The Environmental Impacts of Japan’s Occupation of West Malaysia (1942-45) and its Socio-Economic Implications
Global Environment 10 (2012): 92–115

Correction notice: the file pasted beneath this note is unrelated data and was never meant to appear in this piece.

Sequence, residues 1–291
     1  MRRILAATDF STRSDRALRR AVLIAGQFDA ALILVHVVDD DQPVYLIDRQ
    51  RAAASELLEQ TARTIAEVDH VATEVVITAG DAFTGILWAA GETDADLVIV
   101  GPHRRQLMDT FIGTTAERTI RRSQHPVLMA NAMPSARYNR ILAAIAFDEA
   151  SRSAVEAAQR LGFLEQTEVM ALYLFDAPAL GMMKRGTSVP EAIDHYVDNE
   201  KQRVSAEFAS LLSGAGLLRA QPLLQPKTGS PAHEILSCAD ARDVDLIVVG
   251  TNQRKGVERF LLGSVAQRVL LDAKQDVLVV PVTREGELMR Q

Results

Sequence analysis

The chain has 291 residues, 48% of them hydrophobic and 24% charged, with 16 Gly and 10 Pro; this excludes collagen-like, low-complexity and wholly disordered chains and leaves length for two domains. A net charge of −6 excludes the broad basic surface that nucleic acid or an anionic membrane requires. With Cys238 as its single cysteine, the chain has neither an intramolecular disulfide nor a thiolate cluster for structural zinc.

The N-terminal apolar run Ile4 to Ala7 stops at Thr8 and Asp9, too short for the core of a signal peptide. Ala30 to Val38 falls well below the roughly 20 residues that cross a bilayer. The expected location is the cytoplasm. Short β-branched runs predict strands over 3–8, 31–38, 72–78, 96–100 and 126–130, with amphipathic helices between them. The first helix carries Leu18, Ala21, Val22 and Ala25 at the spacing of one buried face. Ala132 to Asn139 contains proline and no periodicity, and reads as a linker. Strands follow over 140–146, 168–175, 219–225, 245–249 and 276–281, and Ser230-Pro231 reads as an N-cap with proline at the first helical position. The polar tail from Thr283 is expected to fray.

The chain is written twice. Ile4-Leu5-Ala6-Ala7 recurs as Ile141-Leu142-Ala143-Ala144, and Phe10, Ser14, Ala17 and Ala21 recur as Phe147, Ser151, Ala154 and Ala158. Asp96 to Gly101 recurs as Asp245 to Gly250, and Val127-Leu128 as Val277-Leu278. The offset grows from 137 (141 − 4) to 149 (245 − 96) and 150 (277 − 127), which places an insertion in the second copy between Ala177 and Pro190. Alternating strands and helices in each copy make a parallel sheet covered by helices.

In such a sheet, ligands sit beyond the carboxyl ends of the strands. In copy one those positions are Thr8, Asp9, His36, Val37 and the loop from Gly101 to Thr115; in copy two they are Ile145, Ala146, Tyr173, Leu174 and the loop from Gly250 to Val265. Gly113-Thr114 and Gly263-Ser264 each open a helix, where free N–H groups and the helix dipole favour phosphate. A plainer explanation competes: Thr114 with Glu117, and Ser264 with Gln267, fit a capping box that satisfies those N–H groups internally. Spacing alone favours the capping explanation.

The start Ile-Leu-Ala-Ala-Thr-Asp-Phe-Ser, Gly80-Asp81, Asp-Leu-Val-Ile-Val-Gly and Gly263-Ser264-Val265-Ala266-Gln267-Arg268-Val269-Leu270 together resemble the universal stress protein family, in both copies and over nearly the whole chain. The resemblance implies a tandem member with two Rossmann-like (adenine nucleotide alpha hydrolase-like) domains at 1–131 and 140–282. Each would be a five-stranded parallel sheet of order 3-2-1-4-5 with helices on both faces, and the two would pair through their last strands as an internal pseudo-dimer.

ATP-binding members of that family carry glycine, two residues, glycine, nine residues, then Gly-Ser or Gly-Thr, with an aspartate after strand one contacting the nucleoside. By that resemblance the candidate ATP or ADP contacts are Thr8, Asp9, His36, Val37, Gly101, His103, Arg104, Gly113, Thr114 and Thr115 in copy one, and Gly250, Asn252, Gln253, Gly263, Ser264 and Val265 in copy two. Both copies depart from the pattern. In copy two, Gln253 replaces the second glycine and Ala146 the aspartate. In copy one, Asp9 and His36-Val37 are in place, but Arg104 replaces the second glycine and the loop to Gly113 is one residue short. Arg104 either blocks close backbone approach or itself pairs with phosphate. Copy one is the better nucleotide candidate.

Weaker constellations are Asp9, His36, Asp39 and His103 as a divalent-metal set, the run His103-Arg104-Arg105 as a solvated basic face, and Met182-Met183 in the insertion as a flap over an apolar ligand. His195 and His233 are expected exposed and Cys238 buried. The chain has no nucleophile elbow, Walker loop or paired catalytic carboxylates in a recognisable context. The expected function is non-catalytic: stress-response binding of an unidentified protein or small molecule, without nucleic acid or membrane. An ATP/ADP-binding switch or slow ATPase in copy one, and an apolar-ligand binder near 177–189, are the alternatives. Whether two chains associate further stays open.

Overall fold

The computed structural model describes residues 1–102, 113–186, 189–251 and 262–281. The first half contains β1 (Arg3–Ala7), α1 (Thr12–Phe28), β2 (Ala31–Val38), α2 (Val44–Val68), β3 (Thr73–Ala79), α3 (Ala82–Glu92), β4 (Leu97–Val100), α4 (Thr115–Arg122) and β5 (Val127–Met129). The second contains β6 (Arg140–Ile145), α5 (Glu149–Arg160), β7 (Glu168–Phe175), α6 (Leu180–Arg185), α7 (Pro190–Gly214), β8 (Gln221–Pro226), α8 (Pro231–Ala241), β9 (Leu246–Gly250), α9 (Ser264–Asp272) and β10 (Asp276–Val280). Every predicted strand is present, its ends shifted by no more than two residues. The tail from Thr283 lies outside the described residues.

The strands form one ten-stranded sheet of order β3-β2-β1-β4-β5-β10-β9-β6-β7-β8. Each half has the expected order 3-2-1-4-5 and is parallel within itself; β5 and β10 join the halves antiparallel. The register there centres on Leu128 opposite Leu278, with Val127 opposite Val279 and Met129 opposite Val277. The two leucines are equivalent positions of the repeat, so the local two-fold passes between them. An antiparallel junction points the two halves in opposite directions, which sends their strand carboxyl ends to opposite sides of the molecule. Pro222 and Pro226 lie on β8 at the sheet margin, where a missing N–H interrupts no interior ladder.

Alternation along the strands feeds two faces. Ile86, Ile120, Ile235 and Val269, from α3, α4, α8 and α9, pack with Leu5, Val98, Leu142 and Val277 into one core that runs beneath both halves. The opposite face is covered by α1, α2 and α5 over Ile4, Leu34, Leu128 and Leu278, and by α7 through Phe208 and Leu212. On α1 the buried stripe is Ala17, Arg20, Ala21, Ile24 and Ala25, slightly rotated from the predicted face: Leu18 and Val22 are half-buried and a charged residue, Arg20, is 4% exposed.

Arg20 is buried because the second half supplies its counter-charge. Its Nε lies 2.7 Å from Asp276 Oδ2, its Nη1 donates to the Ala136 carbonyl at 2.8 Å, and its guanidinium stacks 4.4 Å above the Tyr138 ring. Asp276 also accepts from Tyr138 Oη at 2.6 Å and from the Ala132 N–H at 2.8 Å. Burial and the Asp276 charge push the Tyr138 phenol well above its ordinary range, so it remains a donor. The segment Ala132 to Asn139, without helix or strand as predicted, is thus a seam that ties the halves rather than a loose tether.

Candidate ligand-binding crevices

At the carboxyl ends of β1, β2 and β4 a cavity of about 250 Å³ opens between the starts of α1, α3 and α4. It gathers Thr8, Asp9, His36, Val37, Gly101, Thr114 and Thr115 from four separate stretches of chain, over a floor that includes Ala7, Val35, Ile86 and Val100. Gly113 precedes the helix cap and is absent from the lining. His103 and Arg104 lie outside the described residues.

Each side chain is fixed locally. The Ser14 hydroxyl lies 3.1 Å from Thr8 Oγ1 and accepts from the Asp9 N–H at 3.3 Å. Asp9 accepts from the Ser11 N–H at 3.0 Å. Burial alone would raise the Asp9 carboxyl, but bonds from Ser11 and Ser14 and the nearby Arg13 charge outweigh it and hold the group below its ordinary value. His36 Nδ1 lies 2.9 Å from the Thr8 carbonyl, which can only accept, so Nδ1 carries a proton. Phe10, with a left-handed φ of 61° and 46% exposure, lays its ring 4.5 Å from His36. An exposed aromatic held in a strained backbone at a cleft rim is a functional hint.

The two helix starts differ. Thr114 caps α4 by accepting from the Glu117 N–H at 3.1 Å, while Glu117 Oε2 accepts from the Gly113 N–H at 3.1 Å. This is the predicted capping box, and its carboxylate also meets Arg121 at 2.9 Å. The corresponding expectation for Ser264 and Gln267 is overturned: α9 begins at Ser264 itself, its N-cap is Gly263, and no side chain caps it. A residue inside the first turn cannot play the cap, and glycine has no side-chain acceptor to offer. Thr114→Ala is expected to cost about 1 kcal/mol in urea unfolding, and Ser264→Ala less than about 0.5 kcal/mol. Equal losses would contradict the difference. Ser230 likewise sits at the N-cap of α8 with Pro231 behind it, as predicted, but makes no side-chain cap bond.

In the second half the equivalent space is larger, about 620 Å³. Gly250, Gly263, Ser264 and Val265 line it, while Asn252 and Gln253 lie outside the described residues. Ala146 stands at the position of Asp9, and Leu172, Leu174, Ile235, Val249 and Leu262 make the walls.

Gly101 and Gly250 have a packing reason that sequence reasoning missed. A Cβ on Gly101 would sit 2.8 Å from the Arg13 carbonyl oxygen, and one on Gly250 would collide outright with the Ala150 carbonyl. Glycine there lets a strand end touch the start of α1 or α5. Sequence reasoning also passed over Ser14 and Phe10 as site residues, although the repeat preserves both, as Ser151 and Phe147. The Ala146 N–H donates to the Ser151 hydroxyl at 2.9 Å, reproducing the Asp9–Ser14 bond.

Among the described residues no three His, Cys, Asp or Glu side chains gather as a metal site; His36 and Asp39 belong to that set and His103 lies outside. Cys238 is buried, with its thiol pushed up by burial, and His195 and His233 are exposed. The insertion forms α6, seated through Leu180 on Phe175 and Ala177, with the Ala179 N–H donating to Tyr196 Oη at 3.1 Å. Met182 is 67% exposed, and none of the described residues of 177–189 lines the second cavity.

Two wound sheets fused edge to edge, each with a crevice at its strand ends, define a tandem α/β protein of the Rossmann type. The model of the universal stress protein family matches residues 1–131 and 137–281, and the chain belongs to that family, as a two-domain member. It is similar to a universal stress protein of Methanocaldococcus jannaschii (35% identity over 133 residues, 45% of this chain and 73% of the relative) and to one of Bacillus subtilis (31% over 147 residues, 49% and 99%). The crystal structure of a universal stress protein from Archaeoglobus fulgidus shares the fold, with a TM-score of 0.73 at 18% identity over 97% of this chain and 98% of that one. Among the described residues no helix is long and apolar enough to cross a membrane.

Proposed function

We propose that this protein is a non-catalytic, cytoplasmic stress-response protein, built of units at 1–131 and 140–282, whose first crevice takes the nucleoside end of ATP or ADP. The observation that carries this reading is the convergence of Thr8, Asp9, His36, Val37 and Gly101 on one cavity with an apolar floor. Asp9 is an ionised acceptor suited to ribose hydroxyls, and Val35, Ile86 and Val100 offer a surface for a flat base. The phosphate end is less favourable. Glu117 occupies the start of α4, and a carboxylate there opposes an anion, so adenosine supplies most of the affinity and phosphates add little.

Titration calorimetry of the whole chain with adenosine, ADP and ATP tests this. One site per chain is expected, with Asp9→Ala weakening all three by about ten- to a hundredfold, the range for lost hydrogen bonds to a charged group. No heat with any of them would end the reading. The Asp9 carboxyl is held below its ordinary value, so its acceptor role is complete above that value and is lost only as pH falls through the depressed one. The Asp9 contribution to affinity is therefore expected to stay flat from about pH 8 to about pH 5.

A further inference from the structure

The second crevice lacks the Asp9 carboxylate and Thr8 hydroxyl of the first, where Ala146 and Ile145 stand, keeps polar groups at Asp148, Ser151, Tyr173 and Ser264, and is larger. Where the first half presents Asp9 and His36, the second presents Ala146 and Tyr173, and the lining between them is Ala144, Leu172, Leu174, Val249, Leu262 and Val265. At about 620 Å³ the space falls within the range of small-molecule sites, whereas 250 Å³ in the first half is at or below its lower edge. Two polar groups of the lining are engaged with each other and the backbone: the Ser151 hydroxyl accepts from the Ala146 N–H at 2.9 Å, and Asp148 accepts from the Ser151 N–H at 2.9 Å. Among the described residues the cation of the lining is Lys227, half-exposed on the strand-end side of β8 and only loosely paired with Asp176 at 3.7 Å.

The Japanese occupation of Malaysia highlights the interrelation between war and the natural environment as forming an integral part of the national narrative and global environmentalism. By disrupting the economy and emasculating the forestry service, the Japanese military administration removed the restraints on forest invasion by the hungry and landless and simultaneously privileged Japanese cooperate business, which engaged in indiscriminate exploitation, ostensibly for the war effort. Despite the best efforts of the Japanese scientific wing, the breakdown of forest management wrought havoc on environment and health. Ironically, postwar restitution of forestry was based on two by-products of the war: the Malayan Uniform System of silviculture and new technologies of harvesting and transportation, which set independent Malaysia on the trajectory of unsustainable harvesting. But equally, the retreat to the forest of the hungry, the landless and the disaffected bred a new awareness of human interdependence, irrespective of ethnic differences, within a shared natural environment. The collective experience and memory contributed to the emergence of the nation’s first environmental advocates.
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